The question by the Jewish retreat leader, in the middle of a retreat with business people on the subject of resilience, caught me off guard. Let me explain.
After 25 years in pastoral ministry, I was feeling both a little burned out in parish ministry and surprisingly interested in trying something new. My spiritual director noticed the nudges of excitement in retreat work and spiritual formation and kept urging me to pay attention, keep alert. Once, while on a day retreat, the leader passed around a basket of quotes and Bible verses and invited us to choose one randomly. The words of Isaiah jumped off the paper, “I am about to do a new thing; now it springs forth, do you not perceive it?” (Isaiah 43:19). So when a friend told me about a retreat on life transitions, how could I do anything but sign up instantly?
I did not know that most of the participants would be business leaders; though the participants were employed differently, we had much in common as we all were searching for ways to live and move in times of transition.
“Many think of life and change as an upward slant, always getting better,” said the leader, “but what happens when life throws a curve, when things don’t get better?” Common responses are despair, a crash-and-burn experience, an all-or-nothing response. The slanted line she drew looked like climbing a mountain and then abruptly falling off.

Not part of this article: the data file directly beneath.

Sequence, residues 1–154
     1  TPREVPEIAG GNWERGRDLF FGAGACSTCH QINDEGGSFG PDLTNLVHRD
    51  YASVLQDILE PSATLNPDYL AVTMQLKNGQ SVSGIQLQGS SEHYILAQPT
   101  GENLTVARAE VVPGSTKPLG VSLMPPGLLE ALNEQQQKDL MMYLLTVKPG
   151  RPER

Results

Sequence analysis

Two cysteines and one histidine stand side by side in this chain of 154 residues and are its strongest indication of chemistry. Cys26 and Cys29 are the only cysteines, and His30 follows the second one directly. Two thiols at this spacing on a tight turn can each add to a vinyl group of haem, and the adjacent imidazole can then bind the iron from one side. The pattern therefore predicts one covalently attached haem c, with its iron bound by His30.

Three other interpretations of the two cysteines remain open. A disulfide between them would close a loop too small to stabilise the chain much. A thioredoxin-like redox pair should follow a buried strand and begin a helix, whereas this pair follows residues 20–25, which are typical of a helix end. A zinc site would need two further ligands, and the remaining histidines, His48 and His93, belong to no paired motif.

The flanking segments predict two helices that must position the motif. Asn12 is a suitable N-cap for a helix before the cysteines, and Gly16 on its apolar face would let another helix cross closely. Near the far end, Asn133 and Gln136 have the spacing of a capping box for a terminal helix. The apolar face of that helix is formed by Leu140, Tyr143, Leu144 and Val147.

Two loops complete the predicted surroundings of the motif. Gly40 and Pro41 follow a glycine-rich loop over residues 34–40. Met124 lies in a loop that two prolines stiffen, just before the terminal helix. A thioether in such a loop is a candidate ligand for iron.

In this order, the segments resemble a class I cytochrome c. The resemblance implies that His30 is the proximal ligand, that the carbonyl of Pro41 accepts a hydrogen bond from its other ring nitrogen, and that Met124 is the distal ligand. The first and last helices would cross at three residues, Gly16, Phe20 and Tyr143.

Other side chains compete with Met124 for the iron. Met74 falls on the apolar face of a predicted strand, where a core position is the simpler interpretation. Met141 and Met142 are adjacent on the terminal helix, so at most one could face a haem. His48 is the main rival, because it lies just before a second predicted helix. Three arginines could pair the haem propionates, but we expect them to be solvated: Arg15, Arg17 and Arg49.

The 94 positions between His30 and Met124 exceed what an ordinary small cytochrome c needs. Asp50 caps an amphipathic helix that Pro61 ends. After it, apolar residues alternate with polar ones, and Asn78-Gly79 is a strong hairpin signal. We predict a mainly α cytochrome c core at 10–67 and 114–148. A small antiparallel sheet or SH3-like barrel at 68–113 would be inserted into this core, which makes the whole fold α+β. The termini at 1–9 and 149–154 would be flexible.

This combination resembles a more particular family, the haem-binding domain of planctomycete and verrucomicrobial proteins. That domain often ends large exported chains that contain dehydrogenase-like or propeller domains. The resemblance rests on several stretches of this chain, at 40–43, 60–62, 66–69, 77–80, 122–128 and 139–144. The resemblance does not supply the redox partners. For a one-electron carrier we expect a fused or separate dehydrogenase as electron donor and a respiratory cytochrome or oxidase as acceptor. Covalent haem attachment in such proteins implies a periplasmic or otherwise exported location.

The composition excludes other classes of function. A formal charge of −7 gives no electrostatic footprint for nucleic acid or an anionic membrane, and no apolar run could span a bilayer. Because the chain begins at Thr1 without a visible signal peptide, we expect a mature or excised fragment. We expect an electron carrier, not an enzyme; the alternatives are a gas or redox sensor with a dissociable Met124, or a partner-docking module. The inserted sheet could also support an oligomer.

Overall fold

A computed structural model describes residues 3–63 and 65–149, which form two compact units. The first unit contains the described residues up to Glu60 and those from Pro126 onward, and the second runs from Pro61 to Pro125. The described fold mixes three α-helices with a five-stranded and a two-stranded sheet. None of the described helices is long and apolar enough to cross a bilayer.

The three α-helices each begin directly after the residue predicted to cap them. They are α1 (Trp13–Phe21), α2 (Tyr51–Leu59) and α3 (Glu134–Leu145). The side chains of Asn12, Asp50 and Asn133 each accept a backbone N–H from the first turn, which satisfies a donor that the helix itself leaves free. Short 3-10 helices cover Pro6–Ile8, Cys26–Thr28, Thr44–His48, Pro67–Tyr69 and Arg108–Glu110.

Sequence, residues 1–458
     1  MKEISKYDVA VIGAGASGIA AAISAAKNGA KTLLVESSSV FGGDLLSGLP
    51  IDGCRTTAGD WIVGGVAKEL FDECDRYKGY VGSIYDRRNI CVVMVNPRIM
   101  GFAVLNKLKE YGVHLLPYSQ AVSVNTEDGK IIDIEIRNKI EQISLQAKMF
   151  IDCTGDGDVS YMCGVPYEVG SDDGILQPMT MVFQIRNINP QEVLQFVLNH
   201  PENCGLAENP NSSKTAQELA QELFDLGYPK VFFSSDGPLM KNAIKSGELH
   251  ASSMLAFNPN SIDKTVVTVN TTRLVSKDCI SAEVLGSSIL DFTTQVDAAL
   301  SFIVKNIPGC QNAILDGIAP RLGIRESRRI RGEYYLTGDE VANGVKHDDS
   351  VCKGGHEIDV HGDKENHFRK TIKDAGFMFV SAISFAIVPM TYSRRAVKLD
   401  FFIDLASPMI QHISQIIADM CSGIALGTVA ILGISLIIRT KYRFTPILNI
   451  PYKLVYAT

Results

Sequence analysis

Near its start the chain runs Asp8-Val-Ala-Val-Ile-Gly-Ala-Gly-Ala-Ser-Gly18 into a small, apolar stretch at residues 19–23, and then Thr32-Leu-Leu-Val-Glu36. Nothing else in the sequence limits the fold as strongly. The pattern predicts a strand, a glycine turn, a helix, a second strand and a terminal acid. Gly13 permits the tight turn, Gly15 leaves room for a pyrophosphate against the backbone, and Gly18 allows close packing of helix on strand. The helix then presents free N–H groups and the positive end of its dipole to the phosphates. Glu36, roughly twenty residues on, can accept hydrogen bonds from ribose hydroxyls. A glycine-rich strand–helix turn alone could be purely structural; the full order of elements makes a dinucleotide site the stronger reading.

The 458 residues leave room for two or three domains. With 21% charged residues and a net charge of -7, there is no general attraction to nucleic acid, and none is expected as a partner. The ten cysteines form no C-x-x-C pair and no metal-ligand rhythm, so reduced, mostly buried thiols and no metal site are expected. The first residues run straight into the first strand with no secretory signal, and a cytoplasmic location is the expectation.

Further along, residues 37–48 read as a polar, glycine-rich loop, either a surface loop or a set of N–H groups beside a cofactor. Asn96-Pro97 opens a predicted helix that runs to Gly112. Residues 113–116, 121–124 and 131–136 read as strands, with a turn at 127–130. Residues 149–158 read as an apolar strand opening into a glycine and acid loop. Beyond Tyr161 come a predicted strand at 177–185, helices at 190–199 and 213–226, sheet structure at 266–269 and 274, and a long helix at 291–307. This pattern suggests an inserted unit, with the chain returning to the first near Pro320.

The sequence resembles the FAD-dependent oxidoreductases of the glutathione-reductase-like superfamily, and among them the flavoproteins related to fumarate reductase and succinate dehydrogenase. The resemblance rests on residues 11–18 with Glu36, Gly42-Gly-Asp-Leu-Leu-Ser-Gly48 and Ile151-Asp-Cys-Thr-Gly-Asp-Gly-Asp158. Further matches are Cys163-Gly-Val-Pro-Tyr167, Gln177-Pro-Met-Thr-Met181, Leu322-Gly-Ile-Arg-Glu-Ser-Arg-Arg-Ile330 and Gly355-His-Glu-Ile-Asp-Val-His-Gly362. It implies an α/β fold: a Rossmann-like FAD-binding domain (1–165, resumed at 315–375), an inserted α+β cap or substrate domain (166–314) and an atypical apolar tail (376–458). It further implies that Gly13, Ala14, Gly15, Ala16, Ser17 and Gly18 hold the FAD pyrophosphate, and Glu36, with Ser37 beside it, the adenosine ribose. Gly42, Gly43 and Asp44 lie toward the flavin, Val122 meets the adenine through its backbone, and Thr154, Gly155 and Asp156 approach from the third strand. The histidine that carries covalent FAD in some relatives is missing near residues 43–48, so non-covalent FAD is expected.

She drew an alternative line that still slanted up but now included one or more loops. She called it “the resilience spiral.” This looped line and the wisdom of resilience comes from the study of people who have survived difficult times and situations: in particular, Holocaust survivors, widowers who lived more than five years after the death of the wife, and teenagers who avoided gangs. Interviews with these survivors revealed the wisdom and practices of resilience.
When a difficulty comes, the upward line begins to curve back on itself and eventually curves down. This may happen when a new boss is appointed that doesn’t appreciate our work, for instance. Or when several families move and the parish budget is severely impacted. Or when the big contract goes to a competitor. The straight line of bigger and better begins to curve back on itself. That is when the leader asked me the resurrection question: In essence, did I believe the line would curve back up again? Even if the line did not come out at the same spot as before, did I believe in the upward slant, the joy and energy we feel when we use our gifts and talents, doing what God calls us to do? Resilience is trusting that the curve will come back up.
Trust is the essential key in resilience, trusting that when the curve heads south, God is still at work in the midst of the shifts and changes. Don’t jump off and crash, but pay attention; trust and learn some practices to hold you until the new emerges.
Excerpt from the current issue of Weavings, “Resilience” (Feb/Mar/Apr 2013). To get a copy of this issue or to order a subscription to Weavings, call 1.800.972.0433 or order online.